Property Owner’s Claims
There has been a call-to-action by some property owners to oppose public water access.
We need you to call Legislators and rebut their claims with facts and a willingness to compromise.
Click here to contact legislators. Emailing them is good, but calling them is better.
Below in italics are talking points released by property owners.
Below in bold are our rebuttals to these talking points.
Property owners: This bill will result in MORE conflicts on the ground.
LaSC: This comes off as a threat and is quite unbecoming of a group trying to paint our supporters as “radical.” This statement is basically saying that property owners will direct their employed guards to refuse to abide by the new law and continue to harass anglers anyway. Who sounds radical now?
Property owners: I’ll have fishermen in the duck ponds I own or lease!
LaSC: Property owners are trying to pit fishermen against duck hunters. LaSC wants to include any and all Legislative provisions that would satisfy duck hunters. LaSC representatives have met with Rep. Kevin Pearson, among other Legislators, and have asked for certain protections for duck hunters to be added to the bill.
LaSC wants to work with duck hunters – not against them. Do not let this diversion tactic work.
Property owners: You are taking away my property rights without paying for it.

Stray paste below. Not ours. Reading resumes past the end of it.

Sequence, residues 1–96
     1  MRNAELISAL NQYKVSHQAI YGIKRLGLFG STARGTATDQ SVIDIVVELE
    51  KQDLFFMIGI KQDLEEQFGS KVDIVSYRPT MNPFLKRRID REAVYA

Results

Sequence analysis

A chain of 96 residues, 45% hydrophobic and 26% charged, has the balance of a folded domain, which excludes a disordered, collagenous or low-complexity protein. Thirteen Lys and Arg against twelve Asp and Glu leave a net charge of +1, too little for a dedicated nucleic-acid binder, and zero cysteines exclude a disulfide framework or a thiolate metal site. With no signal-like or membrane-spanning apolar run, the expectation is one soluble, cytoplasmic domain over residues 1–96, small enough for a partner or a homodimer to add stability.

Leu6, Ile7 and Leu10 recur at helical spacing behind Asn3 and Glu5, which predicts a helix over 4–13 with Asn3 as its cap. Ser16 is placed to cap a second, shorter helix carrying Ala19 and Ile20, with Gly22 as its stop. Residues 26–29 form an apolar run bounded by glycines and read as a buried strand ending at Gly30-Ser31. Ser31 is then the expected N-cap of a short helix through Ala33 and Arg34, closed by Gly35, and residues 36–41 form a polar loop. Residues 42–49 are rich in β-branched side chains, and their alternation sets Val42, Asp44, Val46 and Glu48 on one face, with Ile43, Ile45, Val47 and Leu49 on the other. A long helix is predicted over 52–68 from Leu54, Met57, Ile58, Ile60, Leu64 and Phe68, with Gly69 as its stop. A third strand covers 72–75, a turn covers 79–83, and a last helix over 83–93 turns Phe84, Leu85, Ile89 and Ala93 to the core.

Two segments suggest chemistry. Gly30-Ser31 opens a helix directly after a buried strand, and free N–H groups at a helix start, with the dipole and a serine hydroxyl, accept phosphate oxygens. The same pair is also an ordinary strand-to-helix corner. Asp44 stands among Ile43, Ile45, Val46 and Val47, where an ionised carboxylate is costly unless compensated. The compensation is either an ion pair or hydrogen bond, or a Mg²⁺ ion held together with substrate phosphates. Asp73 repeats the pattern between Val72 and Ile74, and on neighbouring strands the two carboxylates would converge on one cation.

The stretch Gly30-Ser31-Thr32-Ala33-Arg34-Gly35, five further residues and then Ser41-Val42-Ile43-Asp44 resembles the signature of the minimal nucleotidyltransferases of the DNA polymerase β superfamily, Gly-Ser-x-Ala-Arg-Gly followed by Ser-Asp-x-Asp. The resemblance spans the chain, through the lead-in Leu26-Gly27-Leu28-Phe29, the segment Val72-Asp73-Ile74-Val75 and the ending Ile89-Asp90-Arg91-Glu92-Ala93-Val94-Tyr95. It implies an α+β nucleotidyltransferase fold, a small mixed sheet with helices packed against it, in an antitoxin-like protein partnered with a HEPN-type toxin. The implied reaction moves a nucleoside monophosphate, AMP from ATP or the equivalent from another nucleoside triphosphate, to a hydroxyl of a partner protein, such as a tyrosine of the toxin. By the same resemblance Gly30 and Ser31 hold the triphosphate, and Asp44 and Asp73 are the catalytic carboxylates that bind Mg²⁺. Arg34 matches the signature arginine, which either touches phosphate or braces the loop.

LaSC: Apart from public money going toward the aquatic management of these areas….
Apart from taxpayers paying for coastal restoration projects on these areas….
And apart from the property right of being able to restrict public access to tidal water existing in Louisiana while not existing in most other states and countries….
Louisiana Sea Grant met with the Louisiana Sportsmen’s Coalition and has documented our support for many measures which would compensate property owners for allowing public access. Yes, these measures are not written into the current form of HB 391, but we are open to compromise.
Property owners: Go fix the state’s budget shortfall, not add to it by subjecting the state to lawsuits from landowners!
LaSC: Contrary to popular belief, government can, in fact, do two things at once.
Threatening the state to not do what’s right because entities will challenge the law in court is, again, not very becoming. Really, how much would a couple lawsuits add to the state’s estimated $700 million shortfall?
And by the way, the state is losing millions in tourism dollars every year specifically because of our current law, so even with possible lawsuits, opening up access will be a net positive for our state economically.
Property owners: The current status is NOT affecting fishing licenses! The number of in-state and out-of-state fishing licenses sold in LA has gone up every year.
LaSC: LDWF Secretary Jack Montoucet stated in the November 17, 2017 edition of Louisiana Public Square that the number of fishermen in Louisiana have declined in recent years.
Property owners: Louisiana ranks fifth in the nation on publicly accessible waters and has considerably more than our neighboring states.
LaSC: Louisiana is known worldwide as “Sportsman’s Paradise.” Our fishing is famous around the globe. Louisiana has roughly half of all of the wetlands in the lower 48 states. So if allowing the vast majority of Louisiana’s coastal mashes to be privately owned drops Louisiana down to fifth, why would that be something to brag about?
In many areas of our coastal zone, there are very few public places to fish. And where there are public places to fish, reaching them can be difficult or impossible because many property owners have closed private waters that serve as the highway to public waters.